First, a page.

by Garrett Oppenheim, Ph.D.
One of my most challenging cases of resistance was that of a young man of executive fiber who appeared to be well motivated, and whose regressions were both vivid and interesting. However, these regressions seemed to have nothing to do with his presenting problem, which was a profound fear of speaking in front of an audience. We worked under pressure because he had allowed only a few weeks to deal with this problem before giving an important talk which, if successful, would clinch a promotion to a higher executive position in his company.
My patient, Monty, had regressed to lifetimes as a prostitute in Algeria, a farmer in southern England, and a caveman in some unknown locale, but the one life to which he kept returning was that of one Harry Dixon, an American infantryman in World War II. Again, none of these regressions seemed pertinent. During one battle scene Private Dixon hoped to distinguish himself for bravery but didn’t. In another, he made love with a pretty girl in France, and the two planned to stay in touch after the war, but soon afterward he was killed by a booby trap. Nothing we uncovered seemed connected to his phobia.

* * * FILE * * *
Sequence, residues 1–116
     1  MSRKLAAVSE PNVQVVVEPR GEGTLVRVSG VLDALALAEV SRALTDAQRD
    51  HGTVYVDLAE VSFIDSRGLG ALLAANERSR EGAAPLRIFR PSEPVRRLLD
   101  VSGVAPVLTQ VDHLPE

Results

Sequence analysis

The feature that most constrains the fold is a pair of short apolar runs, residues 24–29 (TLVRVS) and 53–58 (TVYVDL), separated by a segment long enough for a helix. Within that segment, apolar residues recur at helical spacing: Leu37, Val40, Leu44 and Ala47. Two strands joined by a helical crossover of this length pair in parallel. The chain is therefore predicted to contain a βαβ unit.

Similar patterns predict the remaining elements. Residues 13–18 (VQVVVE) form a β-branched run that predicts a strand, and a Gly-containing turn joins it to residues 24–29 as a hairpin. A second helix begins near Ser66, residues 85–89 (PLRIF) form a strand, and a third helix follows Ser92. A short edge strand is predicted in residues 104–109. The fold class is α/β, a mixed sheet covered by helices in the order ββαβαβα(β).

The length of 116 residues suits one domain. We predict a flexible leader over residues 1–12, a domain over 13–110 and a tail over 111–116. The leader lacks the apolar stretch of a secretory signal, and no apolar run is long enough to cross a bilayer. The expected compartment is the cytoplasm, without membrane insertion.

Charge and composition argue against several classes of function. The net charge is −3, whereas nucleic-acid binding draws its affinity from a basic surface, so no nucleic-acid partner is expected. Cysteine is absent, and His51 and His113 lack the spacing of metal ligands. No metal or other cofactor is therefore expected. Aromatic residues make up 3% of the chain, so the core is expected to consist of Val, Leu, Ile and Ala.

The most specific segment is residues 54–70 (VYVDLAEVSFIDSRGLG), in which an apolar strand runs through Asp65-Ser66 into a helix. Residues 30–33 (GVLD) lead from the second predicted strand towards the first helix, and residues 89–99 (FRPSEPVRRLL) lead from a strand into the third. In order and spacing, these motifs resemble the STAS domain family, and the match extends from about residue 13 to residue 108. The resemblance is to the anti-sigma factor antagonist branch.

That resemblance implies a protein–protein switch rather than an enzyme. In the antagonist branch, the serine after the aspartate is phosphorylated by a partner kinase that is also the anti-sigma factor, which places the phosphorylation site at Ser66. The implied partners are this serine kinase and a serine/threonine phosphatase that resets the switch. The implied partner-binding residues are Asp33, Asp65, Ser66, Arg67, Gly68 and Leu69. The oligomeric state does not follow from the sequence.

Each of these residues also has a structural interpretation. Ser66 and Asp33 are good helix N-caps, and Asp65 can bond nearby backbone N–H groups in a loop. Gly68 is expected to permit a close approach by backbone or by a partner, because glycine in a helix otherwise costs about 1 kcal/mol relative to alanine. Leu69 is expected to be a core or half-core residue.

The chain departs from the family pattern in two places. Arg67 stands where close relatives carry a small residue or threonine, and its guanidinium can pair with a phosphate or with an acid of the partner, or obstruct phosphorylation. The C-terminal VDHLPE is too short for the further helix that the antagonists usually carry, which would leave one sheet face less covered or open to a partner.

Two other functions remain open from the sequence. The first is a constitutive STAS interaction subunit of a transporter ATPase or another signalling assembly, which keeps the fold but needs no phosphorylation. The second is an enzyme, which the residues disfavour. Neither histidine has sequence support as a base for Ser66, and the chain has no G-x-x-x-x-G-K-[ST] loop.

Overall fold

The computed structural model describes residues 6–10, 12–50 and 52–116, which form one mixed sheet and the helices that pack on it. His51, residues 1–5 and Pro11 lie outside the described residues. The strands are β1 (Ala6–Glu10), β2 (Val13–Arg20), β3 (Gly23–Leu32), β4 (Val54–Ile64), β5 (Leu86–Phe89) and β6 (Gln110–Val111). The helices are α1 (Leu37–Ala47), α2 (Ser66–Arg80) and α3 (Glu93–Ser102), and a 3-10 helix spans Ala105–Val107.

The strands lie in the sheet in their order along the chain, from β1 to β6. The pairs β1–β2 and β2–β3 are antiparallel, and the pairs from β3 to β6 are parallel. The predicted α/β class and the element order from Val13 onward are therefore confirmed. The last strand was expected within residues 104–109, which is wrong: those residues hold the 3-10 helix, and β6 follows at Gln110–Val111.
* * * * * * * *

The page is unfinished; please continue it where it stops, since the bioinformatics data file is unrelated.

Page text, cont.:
All through these sessions I grumbled to myself, “Resistance! Resistance!” However, I also experienced a growing inexplicable discomfort and began to realize that perhaps this word “resistance” was my own cop-out, one that enabled me to place the blame for failure on the shoulders of my patient, rather than dealing with it myself.